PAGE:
Grace's Guide

British Industrial History

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Alfred Hickman

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Alfred Hickman Ltd, steel makers, of Bilston

Early 1880s: Alfred Hickman, who up to that time had been making pig iron at Spring Vale Furnaces, formed an auxiliary company Staffordshire Steel and Ingot Iron Co[1]

1897 The Staffordshire Steel and Ingot Iron Co was amalgamated with the Springvale Furnaces to become Alfred Hickman, and the Spring Vale site continued to expand.

1897 In connection with a large increase in the capital, the name was changed to Alfred Hickman. [2]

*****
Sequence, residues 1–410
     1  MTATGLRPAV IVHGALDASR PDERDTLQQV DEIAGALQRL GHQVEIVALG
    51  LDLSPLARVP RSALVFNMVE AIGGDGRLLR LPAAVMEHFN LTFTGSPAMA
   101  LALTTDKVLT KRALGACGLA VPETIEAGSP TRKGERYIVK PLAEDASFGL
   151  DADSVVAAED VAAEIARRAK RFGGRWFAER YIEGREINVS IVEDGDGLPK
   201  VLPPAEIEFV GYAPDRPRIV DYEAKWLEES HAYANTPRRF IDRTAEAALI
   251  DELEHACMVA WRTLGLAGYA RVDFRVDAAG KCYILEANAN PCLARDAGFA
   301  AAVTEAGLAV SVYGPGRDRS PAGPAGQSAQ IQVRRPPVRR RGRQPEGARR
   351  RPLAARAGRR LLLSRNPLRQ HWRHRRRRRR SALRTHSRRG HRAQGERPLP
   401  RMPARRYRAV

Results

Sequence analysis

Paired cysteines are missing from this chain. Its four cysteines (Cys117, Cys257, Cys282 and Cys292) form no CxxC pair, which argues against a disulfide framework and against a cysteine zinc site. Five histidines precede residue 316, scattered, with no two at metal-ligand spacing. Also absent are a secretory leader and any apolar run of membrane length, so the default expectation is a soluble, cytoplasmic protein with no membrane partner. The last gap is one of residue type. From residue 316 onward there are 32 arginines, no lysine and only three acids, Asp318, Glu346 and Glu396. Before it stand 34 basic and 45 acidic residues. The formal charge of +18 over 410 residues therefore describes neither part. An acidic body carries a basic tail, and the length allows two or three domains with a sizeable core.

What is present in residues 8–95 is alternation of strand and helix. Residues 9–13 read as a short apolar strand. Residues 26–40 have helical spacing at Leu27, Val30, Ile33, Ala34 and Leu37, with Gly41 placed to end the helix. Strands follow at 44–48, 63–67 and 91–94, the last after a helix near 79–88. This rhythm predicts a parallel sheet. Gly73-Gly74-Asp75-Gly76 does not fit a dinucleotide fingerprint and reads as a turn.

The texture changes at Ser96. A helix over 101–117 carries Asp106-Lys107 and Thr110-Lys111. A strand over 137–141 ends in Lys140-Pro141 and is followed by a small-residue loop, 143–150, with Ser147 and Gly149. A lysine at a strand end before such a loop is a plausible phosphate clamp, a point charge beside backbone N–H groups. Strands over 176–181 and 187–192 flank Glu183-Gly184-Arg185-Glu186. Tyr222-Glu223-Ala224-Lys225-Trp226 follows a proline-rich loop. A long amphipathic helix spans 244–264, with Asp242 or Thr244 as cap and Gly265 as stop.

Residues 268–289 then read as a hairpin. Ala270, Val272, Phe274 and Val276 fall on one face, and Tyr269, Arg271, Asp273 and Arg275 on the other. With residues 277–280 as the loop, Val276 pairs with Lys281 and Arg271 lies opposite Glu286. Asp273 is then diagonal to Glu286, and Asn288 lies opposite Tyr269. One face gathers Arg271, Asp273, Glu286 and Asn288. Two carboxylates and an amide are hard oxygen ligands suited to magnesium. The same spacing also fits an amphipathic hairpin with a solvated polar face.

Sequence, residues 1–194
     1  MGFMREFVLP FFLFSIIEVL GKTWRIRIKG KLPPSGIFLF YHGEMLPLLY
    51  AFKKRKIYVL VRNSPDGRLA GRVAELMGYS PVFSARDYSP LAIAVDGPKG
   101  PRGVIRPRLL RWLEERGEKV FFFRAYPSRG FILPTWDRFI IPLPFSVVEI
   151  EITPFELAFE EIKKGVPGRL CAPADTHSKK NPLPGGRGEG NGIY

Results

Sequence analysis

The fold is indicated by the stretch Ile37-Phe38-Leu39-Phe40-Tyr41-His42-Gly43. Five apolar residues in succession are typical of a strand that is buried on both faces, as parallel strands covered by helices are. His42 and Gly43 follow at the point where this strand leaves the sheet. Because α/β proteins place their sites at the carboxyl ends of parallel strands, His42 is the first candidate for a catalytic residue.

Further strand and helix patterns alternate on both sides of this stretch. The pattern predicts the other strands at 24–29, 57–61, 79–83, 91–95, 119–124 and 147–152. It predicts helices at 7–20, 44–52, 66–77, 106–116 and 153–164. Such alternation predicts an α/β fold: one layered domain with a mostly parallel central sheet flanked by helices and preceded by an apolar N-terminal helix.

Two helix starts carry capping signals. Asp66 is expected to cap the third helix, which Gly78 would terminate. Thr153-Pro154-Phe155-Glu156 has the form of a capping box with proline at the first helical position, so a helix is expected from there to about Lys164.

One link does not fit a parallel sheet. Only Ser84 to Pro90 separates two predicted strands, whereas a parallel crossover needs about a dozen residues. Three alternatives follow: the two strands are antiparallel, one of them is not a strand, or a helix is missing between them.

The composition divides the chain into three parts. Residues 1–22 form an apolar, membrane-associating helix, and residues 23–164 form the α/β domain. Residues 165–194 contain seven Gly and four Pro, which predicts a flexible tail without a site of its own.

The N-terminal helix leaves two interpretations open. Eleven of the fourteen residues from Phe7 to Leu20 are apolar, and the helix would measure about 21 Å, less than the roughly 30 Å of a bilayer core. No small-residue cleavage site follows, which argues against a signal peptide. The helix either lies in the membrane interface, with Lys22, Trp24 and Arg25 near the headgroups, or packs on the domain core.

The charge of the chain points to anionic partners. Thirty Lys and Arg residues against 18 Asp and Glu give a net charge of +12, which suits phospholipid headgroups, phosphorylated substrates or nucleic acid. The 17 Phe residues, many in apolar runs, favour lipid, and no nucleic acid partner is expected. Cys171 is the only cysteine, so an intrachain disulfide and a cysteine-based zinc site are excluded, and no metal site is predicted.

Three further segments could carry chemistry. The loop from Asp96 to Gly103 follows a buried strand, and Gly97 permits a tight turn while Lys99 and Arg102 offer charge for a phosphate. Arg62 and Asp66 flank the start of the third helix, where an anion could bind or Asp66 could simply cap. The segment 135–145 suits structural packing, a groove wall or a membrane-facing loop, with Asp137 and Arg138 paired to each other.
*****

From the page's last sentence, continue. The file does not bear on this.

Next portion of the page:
c1900 The company employed around 1,500 people.

The site expanded around the turn of the 20th century, and in 1907 the first electric-powered mills were installed.

1911 An open-hearth furnace was built and additional furnaces were constructed during the First World War.

1920 Stewarts and Lloyds acquired the blast furnaces, steelworks, and ironstone mines of Alfred Hickman, Ltd., and of their subsidiary, Lloyds Ironstone Company, Ltd. Hickman's Bilston works retained the name 'Alfred Hickman Branch' for some years after this. They produced high-quality carbon and low alloy steels for the production of seamless tubes

1925 The business went into voluntary liquidation, and since then operated as a branch of Stewarts and Lloyds.

See Also


Sources of Information

  1. Aberconway The Basic Industries of Great Britain by Aberconway: Chapter XX
  2. The Stock Exchange Year Book 1908